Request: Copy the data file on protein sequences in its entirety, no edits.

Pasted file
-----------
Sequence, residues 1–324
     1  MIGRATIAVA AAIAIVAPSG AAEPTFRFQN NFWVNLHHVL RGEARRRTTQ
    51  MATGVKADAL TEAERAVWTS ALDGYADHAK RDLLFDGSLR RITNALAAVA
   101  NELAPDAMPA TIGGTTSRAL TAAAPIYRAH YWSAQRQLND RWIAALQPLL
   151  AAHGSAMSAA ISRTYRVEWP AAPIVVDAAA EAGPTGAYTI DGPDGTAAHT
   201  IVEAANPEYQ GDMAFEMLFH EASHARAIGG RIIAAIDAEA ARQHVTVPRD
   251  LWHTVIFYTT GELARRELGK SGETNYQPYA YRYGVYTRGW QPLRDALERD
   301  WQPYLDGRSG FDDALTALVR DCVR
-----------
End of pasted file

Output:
Sequence, residues 1–324
     1  MIGRATIAVA AAIAIVAPSG AAEPTFRFQN NFWVNLHHVL RGEARRRTTQ
    51  MATGVKADAL TEAERAVWTS ALDGYADHAK RDLLFDGSLR RITNALAAVA
   101  NELAPDAMPA TIGGTTSRAL TAAAPIYRAH YWSAQRQLND RWIAALQPLL
   151  AAHGSAMSAA ISRTYRVEWP AAPIVVDAAA EAGPTGAYTI DGPDGTAAHT
   201  IVEAANPEYQ GDMAFEMLFH EASHARAIGG RIIAAIDAEA ARQHVTVPRD
   251  LWHTVIFYTT GELARRELGK SGETNYQPYA YRYGVYTRGW QPLRDALERD
   301  WQPYLDGRSG FDDALTALVR DCVR